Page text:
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Will our lived experiences matter?


Reflections: The lived experience roundtable, Social Science Showcase 2022

Making a difference through lived experience research means understanding the challenges and opportunities that underpin research with and about people’s lived experiences. Here is our way of promoting an open and collegial learning space for researchers and practitioners doing lived experience research. A roundtable hosted by NCE (Nottingham Civic Exchange) on Thursday 30 June, at the Social Science Showcase 2022 to bring together the experience of researchers from different departments within NTU’s School of Social Science in a collective effort to honour the lived experiences of people in academic research. The roundtable discussion was shaped by contributions from six different members of staff.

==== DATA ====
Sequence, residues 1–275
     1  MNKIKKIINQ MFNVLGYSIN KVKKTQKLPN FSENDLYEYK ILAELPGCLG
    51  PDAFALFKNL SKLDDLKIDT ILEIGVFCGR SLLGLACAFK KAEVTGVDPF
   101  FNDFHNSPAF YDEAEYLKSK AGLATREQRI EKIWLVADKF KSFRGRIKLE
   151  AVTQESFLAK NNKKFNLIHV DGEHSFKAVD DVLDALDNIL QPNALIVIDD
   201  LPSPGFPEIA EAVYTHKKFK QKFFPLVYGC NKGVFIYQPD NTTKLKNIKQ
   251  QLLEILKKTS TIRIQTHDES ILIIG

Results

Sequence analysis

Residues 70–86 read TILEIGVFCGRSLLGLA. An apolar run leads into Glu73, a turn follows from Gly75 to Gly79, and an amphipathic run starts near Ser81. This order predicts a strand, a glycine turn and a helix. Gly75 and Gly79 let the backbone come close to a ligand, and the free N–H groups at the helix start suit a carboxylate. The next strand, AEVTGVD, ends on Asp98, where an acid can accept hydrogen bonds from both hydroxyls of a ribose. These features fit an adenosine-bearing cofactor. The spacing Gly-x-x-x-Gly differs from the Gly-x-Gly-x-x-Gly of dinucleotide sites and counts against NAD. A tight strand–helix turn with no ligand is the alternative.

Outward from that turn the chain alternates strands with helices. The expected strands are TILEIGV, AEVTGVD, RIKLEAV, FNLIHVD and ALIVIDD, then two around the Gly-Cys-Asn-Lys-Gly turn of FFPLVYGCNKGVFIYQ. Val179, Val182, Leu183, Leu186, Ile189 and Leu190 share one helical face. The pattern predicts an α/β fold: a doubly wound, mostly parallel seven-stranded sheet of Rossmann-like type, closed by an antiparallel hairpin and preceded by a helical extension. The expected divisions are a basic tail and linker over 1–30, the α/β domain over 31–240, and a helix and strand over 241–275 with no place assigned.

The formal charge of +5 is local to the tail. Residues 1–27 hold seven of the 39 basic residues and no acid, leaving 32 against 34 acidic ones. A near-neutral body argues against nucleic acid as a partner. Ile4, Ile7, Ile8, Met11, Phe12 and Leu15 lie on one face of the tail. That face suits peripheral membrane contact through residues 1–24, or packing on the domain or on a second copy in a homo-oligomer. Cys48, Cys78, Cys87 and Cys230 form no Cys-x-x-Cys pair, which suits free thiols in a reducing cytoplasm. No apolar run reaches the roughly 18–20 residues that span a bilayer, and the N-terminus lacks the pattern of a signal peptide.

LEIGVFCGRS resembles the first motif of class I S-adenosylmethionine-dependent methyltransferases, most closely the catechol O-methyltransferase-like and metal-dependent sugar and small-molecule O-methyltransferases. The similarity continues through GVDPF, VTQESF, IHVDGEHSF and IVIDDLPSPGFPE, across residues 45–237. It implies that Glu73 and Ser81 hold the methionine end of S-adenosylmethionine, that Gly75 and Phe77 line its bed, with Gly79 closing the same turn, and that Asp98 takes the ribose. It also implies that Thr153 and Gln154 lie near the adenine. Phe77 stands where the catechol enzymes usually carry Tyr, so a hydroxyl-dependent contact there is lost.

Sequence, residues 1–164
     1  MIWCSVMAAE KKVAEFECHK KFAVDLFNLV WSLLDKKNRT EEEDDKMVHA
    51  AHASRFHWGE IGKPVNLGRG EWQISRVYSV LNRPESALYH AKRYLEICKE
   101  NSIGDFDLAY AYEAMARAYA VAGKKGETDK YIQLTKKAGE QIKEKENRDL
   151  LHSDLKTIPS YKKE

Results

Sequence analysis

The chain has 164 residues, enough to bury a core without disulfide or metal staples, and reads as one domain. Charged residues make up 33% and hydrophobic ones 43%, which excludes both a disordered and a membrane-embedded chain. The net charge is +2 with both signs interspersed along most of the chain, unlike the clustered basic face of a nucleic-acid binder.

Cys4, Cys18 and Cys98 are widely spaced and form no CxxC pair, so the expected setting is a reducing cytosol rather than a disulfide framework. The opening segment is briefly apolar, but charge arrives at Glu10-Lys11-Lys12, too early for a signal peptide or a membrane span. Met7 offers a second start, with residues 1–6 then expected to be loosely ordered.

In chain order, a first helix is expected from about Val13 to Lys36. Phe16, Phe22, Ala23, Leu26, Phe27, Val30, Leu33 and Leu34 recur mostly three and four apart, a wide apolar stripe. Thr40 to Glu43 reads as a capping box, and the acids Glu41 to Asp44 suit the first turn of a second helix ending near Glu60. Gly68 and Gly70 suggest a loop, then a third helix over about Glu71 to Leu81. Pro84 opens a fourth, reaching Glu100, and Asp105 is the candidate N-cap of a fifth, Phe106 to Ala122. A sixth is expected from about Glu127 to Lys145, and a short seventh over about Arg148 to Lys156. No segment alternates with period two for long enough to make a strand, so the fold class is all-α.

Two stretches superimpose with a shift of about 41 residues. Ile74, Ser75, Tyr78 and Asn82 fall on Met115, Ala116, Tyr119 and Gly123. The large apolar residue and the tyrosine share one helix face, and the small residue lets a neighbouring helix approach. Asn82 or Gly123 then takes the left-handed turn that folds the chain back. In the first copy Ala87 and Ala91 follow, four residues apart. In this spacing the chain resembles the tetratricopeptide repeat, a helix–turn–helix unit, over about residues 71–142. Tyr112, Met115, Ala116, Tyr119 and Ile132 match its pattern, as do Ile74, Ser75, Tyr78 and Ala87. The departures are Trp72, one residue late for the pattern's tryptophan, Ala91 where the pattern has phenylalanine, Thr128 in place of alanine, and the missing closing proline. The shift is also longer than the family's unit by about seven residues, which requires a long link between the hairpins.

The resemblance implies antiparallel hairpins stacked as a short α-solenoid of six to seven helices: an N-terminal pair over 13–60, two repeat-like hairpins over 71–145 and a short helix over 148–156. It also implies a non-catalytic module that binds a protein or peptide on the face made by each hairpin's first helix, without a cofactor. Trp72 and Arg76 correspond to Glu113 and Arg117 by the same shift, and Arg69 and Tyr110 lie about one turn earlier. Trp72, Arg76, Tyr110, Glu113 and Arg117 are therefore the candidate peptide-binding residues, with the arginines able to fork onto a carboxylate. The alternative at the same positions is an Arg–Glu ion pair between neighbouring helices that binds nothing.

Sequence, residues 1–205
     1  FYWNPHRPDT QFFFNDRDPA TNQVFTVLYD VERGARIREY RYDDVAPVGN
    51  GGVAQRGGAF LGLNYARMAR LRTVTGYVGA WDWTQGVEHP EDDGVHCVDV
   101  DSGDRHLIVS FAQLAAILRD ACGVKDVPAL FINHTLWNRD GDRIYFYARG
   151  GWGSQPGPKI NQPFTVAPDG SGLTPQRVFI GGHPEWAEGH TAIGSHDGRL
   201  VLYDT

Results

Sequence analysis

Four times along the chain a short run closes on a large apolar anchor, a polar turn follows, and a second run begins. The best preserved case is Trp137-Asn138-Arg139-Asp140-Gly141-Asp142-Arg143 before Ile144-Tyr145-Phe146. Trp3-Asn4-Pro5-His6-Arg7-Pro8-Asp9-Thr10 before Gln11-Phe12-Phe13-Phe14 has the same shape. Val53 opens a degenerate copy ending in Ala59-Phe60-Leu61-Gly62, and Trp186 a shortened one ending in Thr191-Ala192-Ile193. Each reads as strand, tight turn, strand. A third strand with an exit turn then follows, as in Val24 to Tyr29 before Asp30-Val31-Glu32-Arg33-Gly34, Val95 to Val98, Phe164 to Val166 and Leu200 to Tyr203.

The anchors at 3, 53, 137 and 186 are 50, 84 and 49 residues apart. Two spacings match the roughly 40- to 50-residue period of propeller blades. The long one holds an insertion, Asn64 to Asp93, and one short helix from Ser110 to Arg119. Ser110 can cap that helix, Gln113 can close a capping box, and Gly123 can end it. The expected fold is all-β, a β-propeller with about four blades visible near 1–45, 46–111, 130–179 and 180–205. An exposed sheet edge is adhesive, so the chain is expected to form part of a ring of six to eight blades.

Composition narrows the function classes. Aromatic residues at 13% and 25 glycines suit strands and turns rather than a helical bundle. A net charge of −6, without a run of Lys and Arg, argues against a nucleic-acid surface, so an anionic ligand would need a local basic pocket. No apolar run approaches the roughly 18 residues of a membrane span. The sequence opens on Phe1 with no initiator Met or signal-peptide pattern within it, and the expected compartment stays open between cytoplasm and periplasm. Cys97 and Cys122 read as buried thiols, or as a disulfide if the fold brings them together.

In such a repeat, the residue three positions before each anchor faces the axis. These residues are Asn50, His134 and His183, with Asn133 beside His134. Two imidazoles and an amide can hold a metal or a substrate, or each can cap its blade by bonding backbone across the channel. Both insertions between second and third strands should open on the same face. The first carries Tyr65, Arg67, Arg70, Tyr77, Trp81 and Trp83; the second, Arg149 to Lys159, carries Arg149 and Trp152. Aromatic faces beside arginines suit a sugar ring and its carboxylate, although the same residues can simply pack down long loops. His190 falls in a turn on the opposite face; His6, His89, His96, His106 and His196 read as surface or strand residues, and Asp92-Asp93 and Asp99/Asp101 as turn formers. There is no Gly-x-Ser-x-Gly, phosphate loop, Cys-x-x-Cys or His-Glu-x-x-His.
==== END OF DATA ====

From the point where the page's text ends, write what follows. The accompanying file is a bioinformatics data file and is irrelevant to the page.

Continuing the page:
Farai Pfende reflected on her experiences of teaching Nursing students and trainee Nursing Associates. She discussed the power barriers and opportunities presented by these students and future nursing professionals in informing, shaping, and accessing lived experiences in nursing education and social science research.

Graham Bowpitt’s work is in the field of Severe and Multiple Disadvantage which has involved research with a team of peer researchers with lived experience. He reflected on his experiences of designing research with peer researchers, gathering and analysing data, and reporting findings. How far does this method hand back control of the research process to people with lived experience?